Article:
#### Estimation of extreme risk measures

Participant : Stephane Girard.

Joint work with: A. Daouia (Univ. Toulouse), L. Gardes (Univ. Strasbourg) and G. Stupfler (Univ. Aix-Marseille).

One of the most popular risk measures is the Value-at-Risk (VaR) introduced in the 1990's. In statistical terms, the VaR at level $\alpha \in \left(0,1\right)$ corresponds to the upper $\alpha$-quantile of the loss distribution. The Value-at-Risk however suffers from several weaknesses. First, it provides us only with a pointwise information: VaR($\alpha$) does not take into consideration what the loss will be beyond this quantile. Second, random loss variables with light-tailed distributions or heavy-tailed distributions may have the same Value-at-Risk. Finally, Value-at-Risk is not a coherent risk measure since it is not subadditive in general. A first coherent alternative risk measure is the Conditional Tail Expectation (CTE), also known as Tail-Value-at-Risk, Tail Conditional Expectation or Expected Shortfall in case of a continuous loss distribution. The CTE is defined as the expected loss given that the loss lies above the upper $\alpha$-quantile of the loss distribution. This risk measure thus takes into account the whole information contained in the upper tail of the distribution. In [64], we investigate the extreme properties of a new risk measure (called the Conditional Tail Moment) which encompasses various risk measures, such as the CTE, as particular cases. We study the situation where some covariate information is available under some general conditions on the distribution tail. We thus has to deal with conditional extremes (see paragraph 7.2.2).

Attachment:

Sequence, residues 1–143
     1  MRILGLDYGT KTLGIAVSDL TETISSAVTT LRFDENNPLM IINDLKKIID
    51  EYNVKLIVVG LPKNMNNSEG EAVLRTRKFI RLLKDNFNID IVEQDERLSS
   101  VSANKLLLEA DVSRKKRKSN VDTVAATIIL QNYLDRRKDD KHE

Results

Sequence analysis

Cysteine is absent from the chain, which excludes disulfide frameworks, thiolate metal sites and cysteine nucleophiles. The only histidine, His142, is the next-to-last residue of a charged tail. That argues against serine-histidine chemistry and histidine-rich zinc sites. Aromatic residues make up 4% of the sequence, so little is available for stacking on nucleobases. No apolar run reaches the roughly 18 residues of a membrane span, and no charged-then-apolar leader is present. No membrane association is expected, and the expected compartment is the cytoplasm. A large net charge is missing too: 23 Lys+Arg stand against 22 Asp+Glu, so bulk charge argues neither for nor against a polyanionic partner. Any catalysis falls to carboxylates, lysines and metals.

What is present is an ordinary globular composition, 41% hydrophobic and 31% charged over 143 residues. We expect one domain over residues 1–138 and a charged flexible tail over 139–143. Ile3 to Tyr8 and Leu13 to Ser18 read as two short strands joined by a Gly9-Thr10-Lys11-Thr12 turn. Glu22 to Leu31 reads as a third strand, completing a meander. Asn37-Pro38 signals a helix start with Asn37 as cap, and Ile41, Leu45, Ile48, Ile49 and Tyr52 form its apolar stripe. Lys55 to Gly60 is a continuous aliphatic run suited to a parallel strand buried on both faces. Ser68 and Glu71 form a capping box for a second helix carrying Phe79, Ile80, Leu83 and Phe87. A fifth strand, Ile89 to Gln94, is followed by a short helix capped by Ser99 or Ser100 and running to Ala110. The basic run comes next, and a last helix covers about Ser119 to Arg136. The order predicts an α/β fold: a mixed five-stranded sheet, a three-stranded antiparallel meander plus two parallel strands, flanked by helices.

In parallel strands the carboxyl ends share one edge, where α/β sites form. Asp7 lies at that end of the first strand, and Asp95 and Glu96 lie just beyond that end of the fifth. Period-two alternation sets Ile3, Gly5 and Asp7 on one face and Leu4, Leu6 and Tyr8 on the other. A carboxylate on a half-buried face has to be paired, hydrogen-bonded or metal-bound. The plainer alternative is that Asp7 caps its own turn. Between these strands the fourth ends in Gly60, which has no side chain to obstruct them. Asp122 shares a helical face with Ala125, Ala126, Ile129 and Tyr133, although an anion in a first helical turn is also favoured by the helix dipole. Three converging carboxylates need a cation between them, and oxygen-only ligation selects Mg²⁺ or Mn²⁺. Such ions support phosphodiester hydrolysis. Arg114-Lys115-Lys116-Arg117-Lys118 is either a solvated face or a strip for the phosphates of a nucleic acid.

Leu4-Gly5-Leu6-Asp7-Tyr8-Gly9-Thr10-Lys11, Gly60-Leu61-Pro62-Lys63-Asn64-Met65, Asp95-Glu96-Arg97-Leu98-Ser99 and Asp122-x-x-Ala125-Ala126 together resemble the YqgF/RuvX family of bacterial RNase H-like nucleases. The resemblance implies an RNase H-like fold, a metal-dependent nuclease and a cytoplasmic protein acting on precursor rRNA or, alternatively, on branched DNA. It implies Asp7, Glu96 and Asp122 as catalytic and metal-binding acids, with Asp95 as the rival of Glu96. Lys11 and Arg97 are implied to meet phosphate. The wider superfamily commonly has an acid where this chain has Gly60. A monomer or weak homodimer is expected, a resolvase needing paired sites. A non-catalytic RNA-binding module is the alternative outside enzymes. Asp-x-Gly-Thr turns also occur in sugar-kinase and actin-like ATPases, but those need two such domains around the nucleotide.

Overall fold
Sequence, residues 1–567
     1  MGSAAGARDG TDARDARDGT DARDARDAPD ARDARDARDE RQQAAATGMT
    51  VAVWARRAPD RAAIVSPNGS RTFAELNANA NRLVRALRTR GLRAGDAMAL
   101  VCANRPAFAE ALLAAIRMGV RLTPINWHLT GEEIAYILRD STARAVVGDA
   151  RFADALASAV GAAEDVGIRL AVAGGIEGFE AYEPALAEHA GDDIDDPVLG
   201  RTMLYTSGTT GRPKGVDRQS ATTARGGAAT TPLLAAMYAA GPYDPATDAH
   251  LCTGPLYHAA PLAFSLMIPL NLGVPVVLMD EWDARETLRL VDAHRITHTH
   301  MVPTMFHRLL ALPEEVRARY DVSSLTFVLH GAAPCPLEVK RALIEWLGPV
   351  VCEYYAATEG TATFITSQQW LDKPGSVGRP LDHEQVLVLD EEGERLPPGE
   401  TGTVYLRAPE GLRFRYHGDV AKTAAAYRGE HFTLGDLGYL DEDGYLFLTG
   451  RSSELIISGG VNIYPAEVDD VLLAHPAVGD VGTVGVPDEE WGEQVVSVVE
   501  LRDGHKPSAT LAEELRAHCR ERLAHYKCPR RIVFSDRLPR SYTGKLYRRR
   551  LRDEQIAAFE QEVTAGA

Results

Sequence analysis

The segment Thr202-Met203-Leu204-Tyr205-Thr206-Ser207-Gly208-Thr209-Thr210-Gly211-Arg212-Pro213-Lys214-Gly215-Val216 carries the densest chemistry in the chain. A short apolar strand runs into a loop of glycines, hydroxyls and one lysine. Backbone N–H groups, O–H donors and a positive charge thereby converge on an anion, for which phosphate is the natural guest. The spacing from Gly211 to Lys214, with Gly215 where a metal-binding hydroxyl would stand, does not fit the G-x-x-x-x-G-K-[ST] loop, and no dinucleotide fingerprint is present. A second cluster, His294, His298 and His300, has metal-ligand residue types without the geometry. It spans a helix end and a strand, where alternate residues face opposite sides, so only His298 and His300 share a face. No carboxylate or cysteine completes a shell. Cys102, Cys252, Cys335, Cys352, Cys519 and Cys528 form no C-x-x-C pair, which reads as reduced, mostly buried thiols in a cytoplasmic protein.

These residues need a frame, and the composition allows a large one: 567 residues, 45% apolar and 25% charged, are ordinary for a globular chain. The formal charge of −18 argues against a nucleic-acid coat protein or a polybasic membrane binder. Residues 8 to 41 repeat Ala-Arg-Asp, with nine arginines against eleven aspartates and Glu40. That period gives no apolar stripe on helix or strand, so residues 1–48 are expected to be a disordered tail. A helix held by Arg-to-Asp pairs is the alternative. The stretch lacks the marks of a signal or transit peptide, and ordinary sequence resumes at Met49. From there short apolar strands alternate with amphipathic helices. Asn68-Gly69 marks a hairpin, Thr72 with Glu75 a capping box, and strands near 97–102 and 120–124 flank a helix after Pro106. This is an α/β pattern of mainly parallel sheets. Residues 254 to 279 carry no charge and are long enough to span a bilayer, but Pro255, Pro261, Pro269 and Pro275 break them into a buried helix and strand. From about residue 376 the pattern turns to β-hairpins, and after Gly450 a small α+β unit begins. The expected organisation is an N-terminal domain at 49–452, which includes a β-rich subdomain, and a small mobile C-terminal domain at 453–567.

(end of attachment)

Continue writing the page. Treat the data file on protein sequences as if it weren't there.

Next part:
A second possible coherent alternative risk measure is based on expectiles [63]. Compared to quantiles, the family of expectiles is based on squared rather than absolute error loss minimization. The flexibility and virtues of these least squares analogues of quantiles are now well established in actuarial science, econometrics and statistical finance. Both quantiles and expectiles were embedded in the more general class of M-quantiles as the minimizers of a generic asymmetric convex loss function. It has been proved very recently that the only M-quantiles that are coherent risk measures are the expectiles.

#### Multivariate extremal events

Participants : Stephane Girard, Florence Forbes.

Joint work with: F. Durante (Univ. Bolzen-Bolzano, Italy) and G. Mazo (Univ. Catholique de Louvain, Belgique).